WE LOVE SOAPS TV: Including Douglas Marland.
Denise Alexander: Doug Marland did write the show at one point.

WE LOVE SOAPS TV: As someone who had been doing this a long time, what you were thinking in 1980-1981 when GENERAL HOSPITAL was at the height of fame? The show as everywhere.
Denise Alexander: I have a theory. There are different types of people who work on soaps. There are people who are beginning their career, who are pretty and they start and learn, and "it's a great training ground" is a phrase you'll hear a lot. There are people who are working actors and have a background in acting, and this is another venue to do what they love doing. And there are some people who go on from that to other things and people who stay with it. I was a person who loved acting By the time I got to do soaps from a way of life, I was a working actor who was highly regarded enough that I never had to work under five or never had to do extra work or had to starve. I worked in features in what would be called "guest starring roles" now. So I had a lot of success and satisfaction. For me, to have a place to go to work where I had an important role, and the people in charge liked and respected what I did and valued what I offered and brought to it, was wonderful.

The early '80s on GENERAL HOSPITAL? The Webber family got all the great sitcom scenes. We were like a sitcom within this drama show. And I had some searing dramatic scenes to do. And I had the boring stuff that you did to just keep the storyline going. Or I was the one at the party who had just three lines to say but you made your same salary so you were fine. It was a great experience. It was like actors being a part of rep theater because you're doing a different play every week. You get to stretch and you are challenged, sometimes as the lead and sometimes as the background.

Lesley was really important on the show, and I got to go to work every day in a leading role. The audience would surround your car and scream when you would try to drive away from some appearance. Financially it was great. And I didn't have to go out on audition and be told I was too young, too old, too short, too fat, too boring, nothing. It was a great place to be and a great job and a great gift for an actor. And everybody got famous and that was fun. Then everyone once in a while I got to be jealous because where was all that fame when we were the Luke and Laura [laughs]. I had it all and was so grateful and thankful, and figured I would be able to work the rest of my life on the basis of this.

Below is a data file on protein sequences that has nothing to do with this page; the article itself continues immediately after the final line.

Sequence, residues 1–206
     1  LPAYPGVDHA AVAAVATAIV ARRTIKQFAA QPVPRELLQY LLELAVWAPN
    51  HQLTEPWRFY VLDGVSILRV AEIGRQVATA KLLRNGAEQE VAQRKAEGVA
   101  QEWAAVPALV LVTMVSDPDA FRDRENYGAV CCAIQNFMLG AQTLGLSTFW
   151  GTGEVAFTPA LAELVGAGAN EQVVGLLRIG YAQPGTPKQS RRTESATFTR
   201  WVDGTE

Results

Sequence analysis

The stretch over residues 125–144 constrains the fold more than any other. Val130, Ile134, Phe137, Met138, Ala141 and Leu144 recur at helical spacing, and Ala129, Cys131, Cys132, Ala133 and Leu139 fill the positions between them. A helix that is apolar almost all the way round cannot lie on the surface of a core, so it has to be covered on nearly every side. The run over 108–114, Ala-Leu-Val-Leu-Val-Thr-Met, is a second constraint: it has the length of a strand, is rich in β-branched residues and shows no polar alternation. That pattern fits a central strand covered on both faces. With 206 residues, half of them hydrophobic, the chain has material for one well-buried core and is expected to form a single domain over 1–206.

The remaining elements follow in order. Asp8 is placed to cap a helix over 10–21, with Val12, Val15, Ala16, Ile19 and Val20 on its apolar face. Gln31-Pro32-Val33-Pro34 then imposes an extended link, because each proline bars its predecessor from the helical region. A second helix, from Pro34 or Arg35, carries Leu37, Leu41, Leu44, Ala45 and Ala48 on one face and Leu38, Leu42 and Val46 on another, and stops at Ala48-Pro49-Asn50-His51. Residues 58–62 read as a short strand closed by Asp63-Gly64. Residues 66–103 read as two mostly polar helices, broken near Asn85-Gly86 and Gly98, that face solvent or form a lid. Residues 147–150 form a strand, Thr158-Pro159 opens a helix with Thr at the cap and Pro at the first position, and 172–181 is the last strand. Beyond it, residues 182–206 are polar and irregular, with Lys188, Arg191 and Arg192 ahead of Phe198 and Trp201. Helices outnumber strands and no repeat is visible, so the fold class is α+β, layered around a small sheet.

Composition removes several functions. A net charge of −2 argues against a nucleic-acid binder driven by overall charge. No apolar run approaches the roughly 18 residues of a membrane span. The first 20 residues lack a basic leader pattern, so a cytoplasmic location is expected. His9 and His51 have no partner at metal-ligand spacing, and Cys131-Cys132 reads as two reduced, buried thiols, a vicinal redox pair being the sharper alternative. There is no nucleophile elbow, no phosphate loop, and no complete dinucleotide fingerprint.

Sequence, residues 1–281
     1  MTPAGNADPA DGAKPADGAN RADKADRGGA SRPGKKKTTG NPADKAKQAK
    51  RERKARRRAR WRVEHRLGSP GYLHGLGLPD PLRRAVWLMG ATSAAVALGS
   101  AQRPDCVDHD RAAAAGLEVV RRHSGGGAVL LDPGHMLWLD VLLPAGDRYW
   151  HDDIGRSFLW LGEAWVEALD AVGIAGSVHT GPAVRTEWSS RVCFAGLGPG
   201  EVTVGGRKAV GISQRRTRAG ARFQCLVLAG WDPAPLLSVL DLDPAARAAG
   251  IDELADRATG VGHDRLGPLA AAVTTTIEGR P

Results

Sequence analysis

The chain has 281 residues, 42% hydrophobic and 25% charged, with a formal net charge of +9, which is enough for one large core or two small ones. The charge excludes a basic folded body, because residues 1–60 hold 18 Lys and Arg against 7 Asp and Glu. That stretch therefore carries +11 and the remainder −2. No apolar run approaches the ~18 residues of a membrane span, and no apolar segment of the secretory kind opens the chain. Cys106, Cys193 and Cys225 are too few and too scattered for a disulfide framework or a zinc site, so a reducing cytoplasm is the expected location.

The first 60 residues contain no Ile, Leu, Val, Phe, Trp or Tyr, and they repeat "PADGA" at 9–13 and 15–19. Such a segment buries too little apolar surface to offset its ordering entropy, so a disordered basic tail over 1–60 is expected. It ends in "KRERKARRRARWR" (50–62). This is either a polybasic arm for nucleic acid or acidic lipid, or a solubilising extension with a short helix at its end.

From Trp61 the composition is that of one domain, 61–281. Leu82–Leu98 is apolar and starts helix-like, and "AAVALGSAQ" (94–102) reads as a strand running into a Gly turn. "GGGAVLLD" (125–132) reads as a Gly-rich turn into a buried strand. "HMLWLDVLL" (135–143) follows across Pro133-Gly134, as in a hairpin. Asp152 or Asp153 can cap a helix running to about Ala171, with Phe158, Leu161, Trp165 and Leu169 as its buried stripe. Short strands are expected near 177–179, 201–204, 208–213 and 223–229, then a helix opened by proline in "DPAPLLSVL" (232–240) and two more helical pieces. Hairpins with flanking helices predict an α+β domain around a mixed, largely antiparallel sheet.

EDITOR'S NOTE: In Part Three, Alexander discusses leaving GENERAL HOSPITAL, commuting cross country to ANOTHER WORLD, and returning to GH years later.

Roger Newcomb is a producer and writer in New York City. Aside from co-hosting WE LOVE SOAPS TV, he has written and produced a full-length indie film, Manhattanites, and two radio soap operas, SCRIPTS & SCRUPLES and ROCKLAND COUNTY. He has also made acting appearances in indie web series IMAGINARY BITCHES and EMPIRE. He has consulted on numerous indie soaps and is currently an associate producer on THE BAY and executive producer on the upcoming indie short May Mercy Lie.

6 comments:

  1. Another great article! I wish we saw her and Leslie Charles on GH. Why is it that Y&R and Days can feature its senior actors but not GH?

    Katherine Chancellor is the heart and soul of the show. Victor and Nikki make Y&R sing.

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  2. Lesley was my favorite character by far during the Luke and Laura days and I quit watching the show when she "died." I'd only watch it again if she was prominently featured, a la DAYS' Maggie.

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  3. Hey Roger, enjoying the interviews as always. Can't wait to read part 3. Hope you got to delve into the real story of what happened that led to her 1984 departure and how Lesley was mercilessly killed off! I've been waiting 26 years to hear the behind-the-scenes story on that one! (The other one I want to hear about is the behind-the-scenes dish behind what happened between Gloria Monty and Finola Hughes that led to Hughes' departure in late '91.... so keep that topic in mind when you interview Finola someday!)

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  4. So when is part three going to be posted?

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  5. Really enjoying this interview with Denise Alexander. Keep it coming. When is part 3. Denise, how about a book?

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  6. @Eplin totally reflects my feelings. In the early 80s heyday, my REAL best memories were Lesley and Rick, and Lesley's VISCERAL pain at the Monica affair during her therapy sessions with Dr. Irene Kassorla. If Lesley came back--as a front burner matriarch with a storyline of her own (think Sally Field's level of activity on Brothers and Sisters, if not such lame writing), I'd record EVERY day.